This Paris Restaurant Review Is Nothing Short Of Savage
Story from: 2oceansvibe.com
It’s often easy to tell what kind of culinary experience you’re in for when you enter a restaurant.
Poor lighting, menus with the edges curling from years of grubby finger touches, staff who know that the food they’re bringing out isn’t exactly fine dining – we’ve all stepped inside an establishment like this over the years.
Oh, you haven’t? Time to live a little, snob.
Anyway what most infuriated Jay Rayner, a restaurant reviewer for the Guardian, is that the restaurant he stepped into has (or had) a top notch reputation.
His scathing review has spread across the internet at a rate of knots since being published yesterday, so let’s enjoy some of those body shots.
He sets the scene as follows:
There is only one thing worse than being served a terrible meal: being served a terrible meal by earnest waiters who have no idea just how awful the things they are doing to you are. And so, to the flagship Michelin three-star restaurant of the George V Hotel in Paris, or the scene of the crime as I now like to call it. In terms of value for money and expectation Le Cinq supplied by far the worst restaurant experience I have endured in my 18 years in this job. This, it must be said, is an achievement of sorts.
And it then gets worse:
The dining room, deep in the hotel, is a broad space of high ceilings and coving, with thick carpets to muffle the screams. It is decorated in various shades of taupe, biscuit and fuck you. There’s a little gilt here and there, to remind us that this is a room designed for people for whom guilt is unfamiliar. It shouts money much as football fans shout at the ref. There’s a stool for the lady’s handbag. Well, of course there is…
The canapé we are instructed to eat first is a transparent ball on a spoon. It looks like a Barbie-sized silicone breast implant, and is a “spherification”, a gel globe…This one pops in our mouth to release stale air with a tinge of ginger. My companion winces. “It’s like eating a condom that’s been left lying about in a dusty greengrocer’s,” she says. Spherifications of various kinds – bursting, popping, deflating, always ill-advised – turn up on many dishes. It’s their trick, their shtick, their big idea. It’s all they have…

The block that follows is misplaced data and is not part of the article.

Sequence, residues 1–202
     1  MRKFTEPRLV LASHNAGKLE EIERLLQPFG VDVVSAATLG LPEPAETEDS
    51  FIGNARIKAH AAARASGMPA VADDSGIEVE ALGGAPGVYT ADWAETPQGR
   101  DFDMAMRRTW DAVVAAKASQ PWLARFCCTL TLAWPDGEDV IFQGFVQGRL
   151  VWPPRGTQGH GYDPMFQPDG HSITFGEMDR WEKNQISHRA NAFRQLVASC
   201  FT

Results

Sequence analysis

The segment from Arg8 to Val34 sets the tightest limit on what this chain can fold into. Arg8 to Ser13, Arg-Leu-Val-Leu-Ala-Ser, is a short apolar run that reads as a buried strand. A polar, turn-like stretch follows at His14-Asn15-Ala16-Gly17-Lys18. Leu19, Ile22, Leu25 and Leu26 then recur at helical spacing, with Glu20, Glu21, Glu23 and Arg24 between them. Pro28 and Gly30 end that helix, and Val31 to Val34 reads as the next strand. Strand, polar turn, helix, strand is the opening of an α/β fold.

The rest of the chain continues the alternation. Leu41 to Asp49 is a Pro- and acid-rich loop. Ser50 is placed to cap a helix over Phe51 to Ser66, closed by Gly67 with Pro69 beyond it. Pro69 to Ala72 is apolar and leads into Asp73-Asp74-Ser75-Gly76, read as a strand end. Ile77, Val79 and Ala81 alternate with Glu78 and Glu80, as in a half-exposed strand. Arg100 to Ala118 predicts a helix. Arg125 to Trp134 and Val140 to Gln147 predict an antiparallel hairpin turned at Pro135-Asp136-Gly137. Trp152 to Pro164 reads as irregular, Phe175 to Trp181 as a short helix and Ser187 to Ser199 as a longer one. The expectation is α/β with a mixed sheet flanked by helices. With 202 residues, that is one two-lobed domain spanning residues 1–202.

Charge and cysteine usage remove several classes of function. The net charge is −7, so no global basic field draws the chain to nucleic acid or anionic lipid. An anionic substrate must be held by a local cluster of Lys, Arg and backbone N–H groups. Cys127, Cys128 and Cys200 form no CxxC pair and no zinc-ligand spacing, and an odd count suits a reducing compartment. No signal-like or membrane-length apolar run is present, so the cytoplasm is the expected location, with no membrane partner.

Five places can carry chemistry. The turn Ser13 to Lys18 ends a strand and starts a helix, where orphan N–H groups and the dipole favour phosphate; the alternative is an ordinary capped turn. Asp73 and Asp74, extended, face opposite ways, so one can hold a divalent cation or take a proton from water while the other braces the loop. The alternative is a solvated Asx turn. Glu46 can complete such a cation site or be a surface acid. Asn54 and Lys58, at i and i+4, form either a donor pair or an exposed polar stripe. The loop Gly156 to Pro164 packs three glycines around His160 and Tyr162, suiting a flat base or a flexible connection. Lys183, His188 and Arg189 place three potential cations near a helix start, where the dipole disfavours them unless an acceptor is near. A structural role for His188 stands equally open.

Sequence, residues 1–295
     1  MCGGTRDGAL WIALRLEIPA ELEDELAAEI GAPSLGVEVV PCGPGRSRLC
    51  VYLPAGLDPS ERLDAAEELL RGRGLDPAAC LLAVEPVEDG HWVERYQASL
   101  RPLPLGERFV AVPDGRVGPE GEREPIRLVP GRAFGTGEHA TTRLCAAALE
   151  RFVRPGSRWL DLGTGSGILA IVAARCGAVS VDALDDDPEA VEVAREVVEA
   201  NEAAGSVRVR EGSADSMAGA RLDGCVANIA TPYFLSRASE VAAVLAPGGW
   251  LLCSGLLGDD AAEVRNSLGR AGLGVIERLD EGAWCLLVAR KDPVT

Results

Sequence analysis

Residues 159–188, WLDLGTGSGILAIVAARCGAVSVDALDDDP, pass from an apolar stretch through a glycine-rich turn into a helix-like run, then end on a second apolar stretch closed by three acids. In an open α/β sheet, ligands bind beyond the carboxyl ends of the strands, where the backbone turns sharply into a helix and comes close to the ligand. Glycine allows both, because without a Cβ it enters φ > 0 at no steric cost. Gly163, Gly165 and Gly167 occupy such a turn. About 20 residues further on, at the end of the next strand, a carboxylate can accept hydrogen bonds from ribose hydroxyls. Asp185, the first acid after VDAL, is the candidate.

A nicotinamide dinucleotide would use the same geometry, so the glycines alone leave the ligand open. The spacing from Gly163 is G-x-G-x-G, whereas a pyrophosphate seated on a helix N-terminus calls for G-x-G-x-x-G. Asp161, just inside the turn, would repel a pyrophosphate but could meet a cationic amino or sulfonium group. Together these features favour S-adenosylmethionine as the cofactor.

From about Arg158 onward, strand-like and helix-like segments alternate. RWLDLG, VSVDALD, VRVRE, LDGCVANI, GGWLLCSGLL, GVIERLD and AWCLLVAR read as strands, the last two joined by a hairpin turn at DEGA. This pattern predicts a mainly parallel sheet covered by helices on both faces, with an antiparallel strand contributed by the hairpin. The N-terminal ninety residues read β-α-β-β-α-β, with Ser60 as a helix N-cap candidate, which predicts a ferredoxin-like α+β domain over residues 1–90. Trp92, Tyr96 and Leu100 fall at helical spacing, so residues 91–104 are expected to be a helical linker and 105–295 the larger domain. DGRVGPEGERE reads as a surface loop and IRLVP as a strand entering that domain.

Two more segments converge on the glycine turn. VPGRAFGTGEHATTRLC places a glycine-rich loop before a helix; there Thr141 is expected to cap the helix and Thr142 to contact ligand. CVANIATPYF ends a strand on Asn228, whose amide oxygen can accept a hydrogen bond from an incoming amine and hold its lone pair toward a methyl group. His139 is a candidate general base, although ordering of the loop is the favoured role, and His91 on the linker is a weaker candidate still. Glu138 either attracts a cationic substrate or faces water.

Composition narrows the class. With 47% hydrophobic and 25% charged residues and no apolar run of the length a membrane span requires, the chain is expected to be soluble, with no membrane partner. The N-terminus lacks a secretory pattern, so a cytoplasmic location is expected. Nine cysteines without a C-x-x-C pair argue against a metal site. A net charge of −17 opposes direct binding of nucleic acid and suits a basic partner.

[Next is] a halved and refilled passionfruit, the vicious passionfruit supplemented by a watercress purée that tastes only of the plant’s most bitter tones. My lips purse, like a cat’s arse that’s brushed against nettles…
A dessert of frozen chocolate mousse cigars wrapped in tuile is fine, if you overlook the elastic flap of milk skin draped over it, like something that’s fallen off a burns victim. A cheesecake with lumps of frozen parsley powder is not fine. I ask the waitress what the green stuff is. She tells me and says brightly: “Isn’t it great!” No, I say. It’s one of the worst things I’ve ever eaten…
The restaurant is never more than half full. Pictures of plates are snapped. Mind you I also take pictures, but mine are shot in the manner of a scene of crime officer working methodically.
I have spent sums like this on restaurant experiences before, and have not begrudged it. We each of us build our best memories in different ways, and some of mine involve expensive restaurants. But they have to be good. This one will also leave me with memories. They are bleak and troubling. If I work hard, one day, with luck, I may be able to forget.
Cape Town isn’t shy of food critics who loves a good moan, including one who has a whale of a time doing so, but you must applaud the effort above for such unbridled anger.
Good luck to the next place that Jay steps foot inside of.
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